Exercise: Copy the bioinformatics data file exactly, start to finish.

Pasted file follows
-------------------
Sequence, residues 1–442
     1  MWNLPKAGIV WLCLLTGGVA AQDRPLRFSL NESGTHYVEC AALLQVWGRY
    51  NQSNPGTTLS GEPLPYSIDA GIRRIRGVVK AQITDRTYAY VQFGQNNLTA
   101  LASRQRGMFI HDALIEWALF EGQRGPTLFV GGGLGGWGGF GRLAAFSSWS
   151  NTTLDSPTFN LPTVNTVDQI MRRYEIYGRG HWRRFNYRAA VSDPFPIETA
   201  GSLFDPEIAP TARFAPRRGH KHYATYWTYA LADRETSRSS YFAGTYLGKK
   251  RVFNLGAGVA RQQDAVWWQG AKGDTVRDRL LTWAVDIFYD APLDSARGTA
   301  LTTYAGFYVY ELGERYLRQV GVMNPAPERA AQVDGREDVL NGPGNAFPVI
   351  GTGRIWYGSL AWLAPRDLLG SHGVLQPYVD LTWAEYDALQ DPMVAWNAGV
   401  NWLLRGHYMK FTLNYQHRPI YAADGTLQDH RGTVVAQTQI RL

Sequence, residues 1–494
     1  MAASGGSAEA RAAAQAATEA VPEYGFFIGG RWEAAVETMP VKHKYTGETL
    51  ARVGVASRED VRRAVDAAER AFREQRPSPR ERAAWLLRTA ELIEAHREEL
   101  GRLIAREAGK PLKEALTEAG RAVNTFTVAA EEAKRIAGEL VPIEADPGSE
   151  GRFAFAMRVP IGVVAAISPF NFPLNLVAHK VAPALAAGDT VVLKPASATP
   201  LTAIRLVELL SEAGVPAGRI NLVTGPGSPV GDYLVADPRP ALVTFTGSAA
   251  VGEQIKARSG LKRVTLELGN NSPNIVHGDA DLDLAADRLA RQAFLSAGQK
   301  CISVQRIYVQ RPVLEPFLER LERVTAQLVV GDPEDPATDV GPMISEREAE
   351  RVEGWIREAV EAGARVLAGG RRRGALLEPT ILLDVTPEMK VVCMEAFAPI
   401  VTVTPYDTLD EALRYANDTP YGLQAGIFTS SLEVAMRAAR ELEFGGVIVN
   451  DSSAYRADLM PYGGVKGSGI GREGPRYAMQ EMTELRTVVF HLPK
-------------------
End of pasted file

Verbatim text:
Sequence, residues 1–442
     1  MWNLPKAGIV WLCLLTGGVA AQDRPLRFSL NESGTHYVEC AALLQVWGRY
    51  NQSNPGTTLS GEPLPYSIDA GIRRIRGVVK AQITDRTYAY VQFGQNNLTA
   101  LASRQRGMFI HDALIEWALF EGQRGPTLFV GGGLGGWGGF GRLAAFSSWS
   151  NTTLDSPTFN LPTVNTVDQI MRRYEIYGRG HWRRFNYRAA VSDPFPIETA
   201  GSLFDPEIAP TARFAPRRGH KHYATYWTYA LADRETSRSS YFAGTYLGKK
   251  RVFNLGAGVA RQQDAVWWQG AKGDTVRDRL LTWAVDIFYD APLDSARGTA
   301  LTTYAGFYVY ELGERYLRQV GVMNPAPERA AQVDGREDVL NGPGNAFPVI
   351  GTGRIWYGSL AWLAPRDLLG SHGVLQPYVD LTWAEYDALQ DPMVAWNAGV
   401  NWLLRGHYMK FTLNYQHRPI YAADGTLQDH RGTVVAQTQI RL

Sequence, residues 1–494
     1  MAASGGSAEA RAAAQAATEA VPEYGFFIGG RWEAAVETMP VKHKYTGETL
    51  ARVGVASRED VRRAVDAAER AFREQRPSPR ERAAWLLRTA ELIEAHREEL
   101  GRLIAREAGK PLKEALTEAG RAVNTFTVAA EEAKRIAGEL VPIEADPGSE
   151  GRFAFAMRVP IGVVAAISPF NFPLNLVAHK VAPALAAGDT VVLKPASATP
   201  LTAIRLVELL SEAGVPAGRI NLVTGPGSPV GDYLVADPRP ALVTFTGSAA
   251  VGEQIKARSG LKRVTLELGN NSPNIVHGDA DLDLAADRLA RQAFLSAGQK
   301  CISVQRIYVQ RPVLEPFLER LERVTAQLVV GDPEDPATDV GPMISEREAE
   351  RVEGWIREAV EAGARVLAGG RRRGALLEPT ILLDVTPEMK VVCMEAFAPI
   401  VTVTPYDTLD EALRYANDTP YGLQAGIFTS SLEVAMRAAR ELEFGGVIVN
   451  DSSAYRADLM PYGGVKGSGI GREGPRYAMQ EMTELRTVVF HLPK